The purpose of this study was to examine the role self-compassion has on stress and eating behavior. Ninety-one participants completed a series of online surveys that measured student life stress, self-compassion, and eating behaviors. Results suggest that self-compassion did not moderate the relationship between stress and eating behavior. Self-compassion was found as a mediator, indicating that the effect stress has on eating behavior can be explained by self-compassion. Students with low stress tended to have high self-compassion, which was linked with healthier eating habits.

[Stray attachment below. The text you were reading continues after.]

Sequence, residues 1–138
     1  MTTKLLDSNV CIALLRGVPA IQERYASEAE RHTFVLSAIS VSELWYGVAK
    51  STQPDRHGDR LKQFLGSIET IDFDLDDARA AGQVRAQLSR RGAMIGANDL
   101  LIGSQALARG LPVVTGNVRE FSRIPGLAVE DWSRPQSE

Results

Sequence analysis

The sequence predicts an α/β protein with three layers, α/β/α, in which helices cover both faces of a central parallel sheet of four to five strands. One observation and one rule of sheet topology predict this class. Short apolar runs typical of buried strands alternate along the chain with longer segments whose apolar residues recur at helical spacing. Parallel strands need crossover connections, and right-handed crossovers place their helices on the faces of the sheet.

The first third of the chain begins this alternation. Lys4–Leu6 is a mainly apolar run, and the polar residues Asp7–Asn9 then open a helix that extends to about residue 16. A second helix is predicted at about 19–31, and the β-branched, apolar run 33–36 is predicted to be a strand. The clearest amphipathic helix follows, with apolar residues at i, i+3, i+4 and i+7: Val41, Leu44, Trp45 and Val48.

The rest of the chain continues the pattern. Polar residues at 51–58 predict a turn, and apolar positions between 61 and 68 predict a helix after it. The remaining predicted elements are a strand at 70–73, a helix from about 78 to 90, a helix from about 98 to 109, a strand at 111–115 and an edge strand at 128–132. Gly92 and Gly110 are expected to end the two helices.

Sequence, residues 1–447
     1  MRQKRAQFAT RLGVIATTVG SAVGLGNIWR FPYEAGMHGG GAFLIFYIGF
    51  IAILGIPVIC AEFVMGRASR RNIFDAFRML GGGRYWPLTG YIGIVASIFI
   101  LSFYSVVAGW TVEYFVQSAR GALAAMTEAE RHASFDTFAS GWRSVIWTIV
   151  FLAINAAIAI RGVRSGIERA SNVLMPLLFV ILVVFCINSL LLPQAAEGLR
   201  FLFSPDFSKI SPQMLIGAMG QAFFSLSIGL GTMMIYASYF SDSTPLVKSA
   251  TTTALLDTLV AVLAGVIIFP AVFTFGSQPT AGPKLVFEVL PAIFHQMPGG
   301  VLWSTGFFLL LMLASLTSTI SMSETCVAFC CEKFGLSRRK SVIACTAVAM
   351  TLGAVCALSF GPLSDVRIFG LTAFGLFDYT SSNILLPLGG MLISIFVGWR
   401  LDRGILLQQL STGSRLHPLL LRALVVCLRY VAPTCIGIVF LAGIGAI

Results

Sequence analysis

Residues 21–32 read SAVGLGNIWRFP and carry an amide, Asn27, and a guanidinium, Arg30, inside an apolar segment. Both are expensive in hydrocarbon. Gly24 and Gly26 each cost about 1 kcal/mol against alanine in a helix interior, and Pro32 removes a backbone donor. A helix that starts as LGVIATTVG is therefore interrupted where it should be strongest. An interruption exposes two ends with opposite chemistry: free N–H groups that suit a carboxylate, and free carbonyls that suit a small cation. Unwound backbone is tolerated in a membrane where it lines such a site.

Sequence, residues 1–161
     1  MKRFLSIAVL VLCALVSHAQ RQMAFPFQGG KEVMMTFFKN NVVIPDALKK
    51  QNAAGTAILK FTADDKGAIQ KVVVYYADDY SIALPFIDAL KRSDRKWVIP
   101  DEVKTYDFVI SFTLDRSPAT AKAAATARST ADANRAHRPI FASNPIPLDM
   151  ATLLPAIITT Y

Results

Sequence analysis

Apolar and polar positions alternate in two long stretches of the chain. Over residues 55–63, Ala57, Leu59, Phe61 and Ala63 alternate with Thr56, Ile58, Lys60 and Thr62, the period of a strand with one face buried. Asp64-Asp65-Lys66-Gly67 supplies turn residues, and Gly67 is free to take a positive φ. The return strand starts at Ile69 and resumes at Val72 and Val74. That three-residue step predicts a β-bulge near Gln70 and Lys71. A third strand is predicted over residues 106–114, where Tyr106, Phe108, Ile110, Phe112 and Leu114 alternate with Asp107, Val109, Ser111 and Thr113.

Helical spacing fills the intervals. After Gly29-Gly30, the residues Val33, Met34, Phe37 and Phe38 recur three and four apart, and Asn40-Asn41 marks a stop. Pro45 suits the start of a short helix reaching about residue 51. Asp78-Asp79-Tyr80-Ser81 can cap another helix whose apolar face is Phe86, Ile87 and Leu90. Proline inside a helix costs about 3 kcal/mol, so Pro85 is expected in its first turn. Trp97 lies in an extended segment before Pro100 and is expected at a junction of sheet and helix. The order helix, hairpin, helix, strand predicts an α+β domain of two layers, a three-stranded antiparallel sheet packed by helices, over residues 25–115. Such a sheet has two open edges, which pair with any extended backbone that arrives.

|Commitee:||Pettibone, Jon, Segrist, Dan|
|School:||Southern Illinois University at Edwardsville|
|School Location:||United States -- Illinois|
|Source:||MAI 56/04M(E), Masters Abstracts International|
|Subjects:||Psychology, Clinical psychology|
|Keywords:||Eating behavior, Health psychology, Self-compassion, Stress|
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